Of all the annoyances the workday can entail — that too-early alarm, rush hour traffic, late nights stuck at your desk on deadline — having a bad boss can be the most insidious.
“Nobody wants to go to work when they don’t get along with their boss,” says Jon Maner, a professor of management and organizations at the Kellogg School. “It really weighs on people’s everyday life.”
Maner has studied bad bosses, with the goal of understanding their behavior so that it can be curtailed. He has focused in particular on power-hungry bosses who are surprisingly willing to sideline their best performing employees — and promote incompetent team members — in order to keep themselves from being outshined.
“Top performers are really, really valuable members of the group,” Maner says. “These are the people who are often innovating, they’re creating, they’re pushing the organization forward. That can make power-hungry bosses nervous because these are the people who are probably the most able to take over some of their power.”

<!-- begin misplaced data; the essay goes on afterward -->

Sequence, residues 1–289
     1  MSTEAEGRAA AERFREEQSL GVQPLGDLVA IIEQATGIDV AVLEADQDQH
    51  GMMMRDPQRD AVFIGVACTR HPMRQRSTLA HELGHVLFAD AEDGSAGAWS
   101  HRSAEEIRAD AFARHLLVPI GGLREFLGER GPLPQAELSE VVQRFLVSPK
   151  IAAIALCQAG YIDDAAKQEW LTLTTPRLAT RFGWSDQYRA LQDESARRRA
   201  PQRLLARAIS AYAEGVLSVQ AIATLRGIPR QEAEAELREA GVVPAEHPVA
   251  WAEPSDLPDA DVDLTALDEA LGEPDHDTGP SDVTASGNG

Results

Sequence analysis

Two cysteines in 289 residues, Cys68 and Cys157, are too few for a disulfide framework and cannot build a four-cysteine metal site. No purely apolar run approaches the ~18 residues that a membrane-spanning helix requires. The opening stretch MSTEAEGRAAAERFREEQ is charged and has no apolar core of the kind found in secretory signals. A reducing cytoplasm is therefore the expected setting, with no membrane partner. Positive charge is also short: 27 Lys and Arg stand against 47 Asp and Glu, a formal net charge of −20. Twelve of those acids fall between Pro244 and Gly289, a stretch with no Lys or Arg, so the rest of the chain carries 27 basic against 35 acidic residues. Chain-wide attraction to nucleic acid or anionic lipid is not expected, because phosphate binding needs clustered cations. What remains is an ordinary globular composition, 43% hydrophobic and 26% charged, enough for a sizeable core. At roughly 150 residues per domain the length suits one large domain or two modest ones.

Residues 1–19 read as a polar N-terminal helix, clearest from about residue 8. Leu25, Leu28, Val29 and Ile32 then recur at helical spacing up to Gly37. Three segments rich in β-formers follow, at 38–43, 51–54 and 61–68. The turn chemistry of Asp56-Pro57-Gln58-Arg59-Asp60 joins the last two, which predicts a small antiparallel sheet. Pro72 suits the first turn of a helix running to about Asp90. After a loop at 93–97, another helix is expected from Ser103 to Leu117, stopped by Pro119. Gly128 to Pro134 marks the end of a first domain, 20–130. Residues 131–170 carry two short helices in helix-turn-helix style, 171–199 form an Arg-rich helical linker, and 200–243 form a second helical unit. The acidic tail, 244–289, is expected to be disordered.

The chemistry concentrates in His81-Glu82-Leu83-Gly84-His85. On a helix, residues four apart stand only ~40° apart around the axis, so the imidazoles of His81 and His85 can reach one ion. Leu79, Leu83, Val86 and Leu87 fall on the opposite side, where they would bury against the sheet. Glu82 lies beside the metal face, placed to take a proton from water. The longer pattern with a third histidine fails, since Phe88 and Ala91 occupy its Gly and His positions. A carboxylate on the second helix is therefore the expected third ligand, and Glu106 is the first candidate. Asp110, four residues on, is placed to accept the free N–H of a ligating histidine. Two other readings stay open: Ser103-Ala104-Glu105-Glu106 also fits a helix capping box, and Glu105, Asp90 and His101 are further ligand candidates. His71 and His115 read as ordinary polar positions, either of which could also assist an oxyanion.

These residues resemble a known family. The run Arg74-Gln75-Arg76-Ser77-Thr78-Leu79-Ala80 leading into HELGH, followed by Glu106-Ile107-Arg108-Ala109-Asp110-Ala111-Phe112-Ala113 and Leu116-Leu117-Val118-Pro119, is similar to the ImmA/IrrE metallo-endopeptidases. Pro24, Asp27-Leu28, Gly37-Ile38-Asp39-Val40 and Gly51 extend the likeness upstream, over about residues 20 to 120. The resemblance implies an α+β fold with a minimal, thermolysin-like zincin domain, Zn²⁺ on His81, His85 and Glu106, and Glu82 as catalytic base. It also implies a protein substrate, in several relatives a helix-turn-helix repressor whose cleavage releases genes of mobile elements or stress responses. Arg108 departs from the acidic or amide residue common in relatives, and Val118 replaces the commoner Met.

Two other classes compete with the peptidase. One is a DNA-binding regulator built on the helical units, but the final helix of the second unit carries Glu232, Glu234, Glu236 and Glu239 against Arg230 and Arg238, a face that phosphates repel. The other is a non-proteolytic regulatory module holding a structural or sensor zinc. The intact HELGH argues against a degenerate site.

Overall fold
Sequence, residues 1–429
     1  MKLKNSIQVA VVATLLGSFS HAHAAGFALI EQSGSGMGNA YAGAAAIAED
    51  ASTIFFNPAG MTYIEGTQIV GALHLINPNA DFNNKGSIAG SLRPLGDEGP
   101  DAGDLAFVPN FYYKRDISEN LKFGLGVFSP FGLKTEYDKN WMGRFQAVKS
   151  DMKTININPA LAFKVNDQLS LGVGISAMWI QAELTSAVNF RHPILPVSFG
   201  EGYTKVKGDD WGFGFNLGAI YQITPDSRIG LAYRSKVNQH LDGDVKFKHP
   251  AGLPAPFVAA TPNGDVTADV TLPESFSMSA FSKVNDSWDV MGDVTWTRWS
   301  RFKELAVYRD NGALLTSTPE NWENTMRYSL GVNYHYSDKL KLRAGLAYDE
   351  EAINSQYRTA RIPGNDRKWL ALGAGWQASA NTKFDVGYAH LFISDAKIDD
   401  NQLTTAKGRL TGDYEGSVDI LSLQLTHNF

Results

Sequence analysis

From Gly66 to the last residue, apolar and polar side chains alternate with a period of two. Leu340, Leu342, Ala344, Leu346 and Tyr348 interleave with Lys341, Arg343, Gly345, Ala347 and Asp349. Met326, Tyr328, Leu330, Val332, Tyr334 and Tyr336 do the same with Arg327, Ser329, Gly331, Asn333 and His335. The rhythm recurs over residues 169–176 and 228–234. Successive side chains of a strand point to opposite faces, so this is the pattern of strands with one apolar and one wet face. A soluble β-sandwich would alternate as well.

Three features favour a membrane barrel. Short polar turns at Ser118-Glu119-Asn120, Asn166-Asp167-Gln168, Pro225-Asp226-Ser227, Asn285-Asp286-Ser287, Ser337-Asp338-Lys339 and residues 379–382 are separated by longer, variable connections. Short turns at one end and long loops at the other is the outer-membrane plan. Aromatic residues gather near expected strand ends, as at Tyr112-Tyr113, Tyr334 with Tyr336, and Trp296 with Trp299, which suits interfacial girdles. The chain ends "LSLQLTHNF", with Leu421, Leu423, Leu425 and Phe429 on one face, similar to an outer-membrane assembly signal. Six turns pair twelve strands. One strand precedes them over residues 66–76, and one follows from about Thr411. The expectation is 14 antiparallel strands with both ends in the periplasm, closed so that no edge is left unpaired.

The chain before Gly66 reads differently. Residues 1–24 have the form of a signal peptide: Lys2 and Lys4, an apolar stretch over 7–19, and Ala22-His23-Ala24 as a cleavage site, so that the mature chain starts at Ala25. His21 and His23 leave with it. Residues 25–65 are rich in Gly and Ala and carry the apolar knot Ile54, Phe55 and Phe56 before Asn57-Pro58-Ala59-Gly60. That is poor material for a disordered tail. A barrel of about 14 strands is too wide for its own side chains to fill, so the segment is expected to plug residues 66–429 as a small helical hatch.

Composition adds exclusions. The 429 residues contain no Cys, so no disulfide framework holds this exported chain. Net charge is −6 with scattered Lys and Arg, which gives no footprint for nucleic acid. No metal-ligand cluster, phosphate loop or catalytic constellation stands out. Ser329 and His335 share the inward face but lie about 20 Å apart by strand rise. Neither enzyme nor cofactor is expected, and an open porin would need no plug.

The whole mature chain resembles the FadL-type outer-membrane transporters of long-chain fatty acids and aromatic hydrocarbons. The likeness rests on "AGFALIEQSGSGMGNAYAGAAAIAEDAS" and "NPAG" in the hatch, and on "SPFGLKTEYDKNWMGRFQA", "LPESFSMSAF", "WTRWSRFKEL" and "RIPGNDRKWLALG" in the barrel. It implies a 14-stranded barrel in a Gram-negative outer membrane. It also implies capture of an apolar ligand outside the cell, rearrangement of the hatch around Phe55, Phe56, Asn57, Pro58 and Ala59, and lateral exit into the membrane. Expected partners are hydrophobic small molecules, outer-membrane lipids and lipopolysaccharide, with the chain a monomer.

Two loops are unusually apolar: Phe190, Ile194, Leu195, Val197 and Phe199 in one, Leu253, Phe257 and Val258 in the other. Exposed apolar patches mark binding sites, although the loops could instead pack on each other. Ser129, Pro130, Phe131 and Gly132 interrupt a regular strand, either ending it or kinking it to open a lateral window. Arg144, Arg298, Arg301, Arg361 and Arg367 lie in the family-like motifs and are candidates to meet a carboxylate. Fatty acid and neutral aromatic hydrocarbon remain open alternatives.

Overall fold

And, of course, bad bosses are not simply unpleasant for employees. They also can be disastrous for the entire organization.
James Shein, a clinical professor of strategy at the Kellogg School, has seen power-hungry bosses ruin company after company. This is particularly true when a company is failing and the CEO needs to change course to salvage the organization.
“A sitting CEO has a very difficult time making changes because, to them, it often means, ‘I must have done something wrong previously,’” Shein says. This is when a board needs to step in to find a new leader.
“If you don’t push them out they often will just keep driving the company down into the dirt,” he says.
You can hear more from Maner and Shein about what motivates bad bosses and how to keep them in check in this month’s Insight in Person podcast.
Emily Stone is a research editor at the Kellogg School of Management. This article originally appeared on Kellogg Insight.